Cost of Living in Paris
Paris is a dream destination for many expatriates, signifying a career milestone when it comes to their career trajectory. Nevertheless, what is the reality for expats living in Paris especially for those who don't understand or speak French? Is it possible to live in France reasonably? How much would you have to spend on food, monthly rent, childcare, transport, and leisure? Find out what's the current cost of living in Paris so you can come prepared.
Paris, the Global City
As one of the major cities in Europe, Paris attracts investment dollars, the best companies, and highly skilled people. The City of Lights placed third in the Global Cities Report for 2018 done by global management consulting firm A.T. Kearney that analyzes the factors behind these global cities' success and competitiveness. Paris remains in third place, unchanged from 2017, propelled primarily by increased business activity and scoring high on information exchange.
According to data from the Paris Region Key Figures 2018 report, Paris boasts of a young and cosmopolitan population that comprises 18.2 percent of France's total population and occupying 23 percent of the total jobs in France. The report further reveals that from the population in the Paris Region for 2014, around 1.6 million were foreigners. In 2013, one out of six jobs in Paris and in the Paris Region itself was in a foreign company, and 2016 saw 6,635 jobs in Paris created by 359 foreign firms.
Wages in Paris and France
As a big city, Paris commands a higher cost of living than the rest of France. Living there means you have to be prepared to pay higher than the average cost for basic goods and services compared to other European countries. The city came next to Singapore and tied with Zurich as the second most expensive city in the world in The Economist's Cost of Living Survey released in early 2018.
Based on feedback from 22,000 expatriates who participated in the most recent HSBC Expat Explorer Survey, respondents based in France earned an average salary of EUR 71,572 versus their London counterparts who earned approximately EUR 74,000. The Organisation for Economic Co-operation and Development (OECD) also notes that in France, the average household net financial wealth per capita is estimated at USD 59,479, which is significantly lower than the OECD average of USD 90,570.
A full-time employee working in the private sector earns an average salary of EUR 27,200 compared to those working in the public sector at EUR 26,750, according to INSEE, France's National Institute for Statistics and Economic Studies. However, it's worth noting that a significant percentage of employees working in private companies are temporary or part-time workers only.
At the beginning of 2018, new laws increased the hourly minimum wage in France by 1.24 percent to EUR 9.88, which represented a EUR 20 increase each month. However, according to a New York Times article, the current median monthly income in France is EUR 1,700 or about USD 1,930, with "half of the French workers paid less than that." At present, the monthly minimum wage is around EUR 1,498 for a 35-hour work week.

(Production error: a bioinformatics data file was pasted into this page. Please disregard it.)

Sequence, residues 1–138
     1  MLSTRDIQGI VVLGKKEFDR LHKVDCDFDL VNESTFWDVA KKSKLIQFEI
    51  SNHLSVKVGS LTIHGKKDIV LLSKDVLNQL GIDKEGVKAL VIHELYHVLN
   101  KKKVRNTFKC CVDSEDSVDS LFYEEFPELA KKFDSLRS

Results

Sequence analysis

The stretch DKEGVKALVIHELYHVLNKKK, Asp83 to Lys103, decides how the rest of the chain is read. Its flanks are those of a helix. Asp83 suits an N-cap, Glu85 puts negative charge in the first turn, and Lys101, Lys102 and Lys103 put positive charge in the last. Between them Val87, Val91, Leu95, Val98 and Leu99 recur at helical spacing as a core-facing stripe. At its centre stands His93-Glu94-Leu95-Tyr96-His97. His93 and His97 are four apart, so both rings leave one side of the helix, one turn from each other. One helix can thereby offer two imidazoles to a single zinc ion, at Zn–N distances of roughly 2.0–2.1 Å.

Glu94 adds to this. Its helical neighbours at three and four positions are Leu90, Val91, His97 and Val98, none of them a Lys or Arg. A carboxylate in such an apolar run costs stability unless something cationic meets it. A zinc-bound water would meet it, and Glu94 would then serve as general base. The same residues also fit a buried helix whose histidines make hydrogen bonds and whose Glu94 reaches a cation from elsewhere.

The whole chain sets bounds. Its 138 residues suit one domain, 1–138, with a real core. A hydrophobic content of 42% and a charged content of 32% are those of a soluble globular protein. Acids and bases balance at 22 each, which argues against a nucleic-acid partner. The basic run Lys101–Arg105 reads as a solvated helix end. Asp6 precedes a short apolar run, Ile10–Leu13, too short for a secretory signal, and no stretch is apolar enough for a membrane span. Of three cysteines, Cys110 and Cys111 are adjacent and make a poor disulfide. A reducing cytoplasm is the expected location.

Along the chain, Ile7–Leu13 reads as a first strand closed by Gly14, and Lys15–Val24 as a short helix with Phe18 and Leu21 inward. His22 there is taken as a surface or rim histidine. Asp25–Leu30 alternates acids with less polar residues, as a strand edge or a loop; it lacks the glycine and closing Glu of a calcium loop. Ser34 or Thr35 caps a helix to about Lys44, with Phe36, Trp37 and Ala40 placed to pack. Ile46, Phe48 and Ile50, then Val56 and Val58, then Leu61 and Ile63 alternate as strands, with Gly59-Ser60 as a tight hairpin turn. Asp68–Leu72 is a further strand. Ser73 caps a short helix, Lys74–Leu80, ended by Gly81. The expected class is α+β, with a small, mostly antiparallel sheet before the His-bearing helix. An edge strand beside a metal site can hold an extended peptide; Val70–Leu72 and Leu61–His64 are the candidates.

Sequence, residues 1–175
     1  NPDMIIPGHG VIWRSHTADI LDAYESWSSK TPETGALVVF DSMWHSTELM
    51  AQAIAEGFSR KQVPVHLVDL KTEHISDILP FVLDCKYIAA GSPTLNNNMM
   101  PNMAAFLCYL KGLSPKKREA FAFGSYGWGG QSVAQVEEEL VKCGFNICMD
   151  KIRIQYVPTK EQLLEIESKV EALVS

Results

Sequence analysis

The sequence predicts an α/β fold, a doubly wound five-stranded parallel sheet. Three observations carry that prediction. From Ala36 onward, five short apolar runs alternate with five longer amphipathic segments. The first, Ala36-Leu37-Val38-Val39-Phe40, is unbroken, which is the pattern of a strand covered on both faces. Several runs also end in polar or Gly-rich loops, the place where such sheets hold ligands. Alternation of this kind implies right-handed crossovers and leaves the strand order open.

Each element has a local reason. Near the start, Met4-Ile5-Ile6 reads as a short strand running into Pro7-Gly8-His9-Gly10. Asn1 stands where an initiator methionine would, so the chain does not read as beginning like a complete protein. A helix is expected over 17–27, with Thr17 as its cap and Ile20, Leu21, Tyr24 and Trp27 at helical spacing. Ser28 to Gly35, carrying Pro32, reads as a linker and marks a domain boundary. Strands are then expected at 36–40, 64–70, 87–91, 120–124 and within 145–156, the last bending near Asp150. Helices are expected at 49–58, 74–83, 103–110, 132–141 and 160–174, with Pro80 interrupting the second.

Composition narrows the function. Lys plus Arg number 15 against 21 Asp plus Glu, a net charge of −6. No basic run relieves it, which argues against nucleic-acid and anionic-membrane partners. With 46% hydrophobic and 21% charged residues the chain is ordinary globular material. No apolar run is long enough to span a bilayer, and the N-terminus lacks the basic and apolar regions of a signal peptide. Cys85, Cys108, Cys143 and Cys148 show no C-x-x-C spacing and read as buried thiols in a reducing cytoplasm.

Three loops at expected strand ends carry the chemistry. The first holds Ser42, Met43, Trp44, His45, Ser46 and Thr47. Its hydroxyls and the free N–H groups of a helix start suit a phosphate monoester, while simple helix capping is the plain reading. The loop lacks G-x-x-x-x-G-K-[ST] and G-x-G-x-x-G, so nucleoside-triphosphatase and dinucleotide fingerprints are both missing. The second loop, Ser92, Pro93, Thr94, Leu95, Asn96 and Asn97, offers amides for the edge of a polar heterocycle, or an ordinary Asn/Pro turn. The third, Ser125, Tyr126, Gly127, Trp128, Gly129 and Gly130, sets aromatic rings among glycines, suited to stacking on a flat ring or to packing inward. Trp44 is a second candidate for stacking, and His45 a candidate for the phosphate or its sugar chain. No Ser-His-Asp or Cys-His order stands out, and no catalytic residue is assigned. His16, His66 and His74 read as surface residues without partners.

However, recent events may affect the city's ranking in the future owing to the protests that occurred in the capital and elsewhere in France. The Yellow Vest ("gilet jaunes") protests, which began in November 2018, stemmed from the French government's plan to raise fuel taxes, ostensibly to reduce the country's dependence on fossil fuels. To date, more and more people are voicing discontent over low wages, high taxes and persistently high unemployment rates at above 9 percent that has resulted in lower disposable income for the middle class and minimum-wage earners.
Paris is an Expensive City
Data released by EUROSTAT which provides statistic information to the European Union institutions show that London was the most expensive capital city in 2015 in the EU with its high property and rental prices based on the cost of living in Brussels. Paris, Dublin, Amsterdam, and Wien were among the capital cities that registered a higher cost of living than Brussels.
Despite the higher costs in Paris, a huge number of expatriates continue to work and live there, while many others chose to settle in France permanently. The results from the HSBC Expat Explorer Survey saw France in 11th place overall, with a significant number of expats citing improved quality of life. For those with families, France offered better benefits when it comes to childcare and education.
If your relocation package doesn't include housing allowances, expats will find that accommodation will take up a huge chunk of their regular expenses in Paris. There are no restrictions on foreigners buying property in Paris. However, owing to high property prices, a majority of Paris residents opt to rent rather than buy, a practice that many first-time expats follow.
You can find apartments by enlisting the help of a property agent which means paying a percentage as a fee, or through contacts. There's also the option of going through classified ads, but this will require some fluency in French to conduct negotiations.
Housing is perpetually in high demand in the arrondissements so some judicious thinking and quick action are required as listings disappear within minutes of going up. Most apartments for rent in Paris are unfurnished and are slightly smaller than modern apartments elsewhere since more than half of the buildings in Paris are old, built in 1949 or earlier. If you prefer to have more space, especially if you have a family, the suburbs are your best option but may require a longer commute via car, or through the Paris public transportation system of buses, trams, the Paris Métro or the RER (Réseau Express Régional) rapid transit system.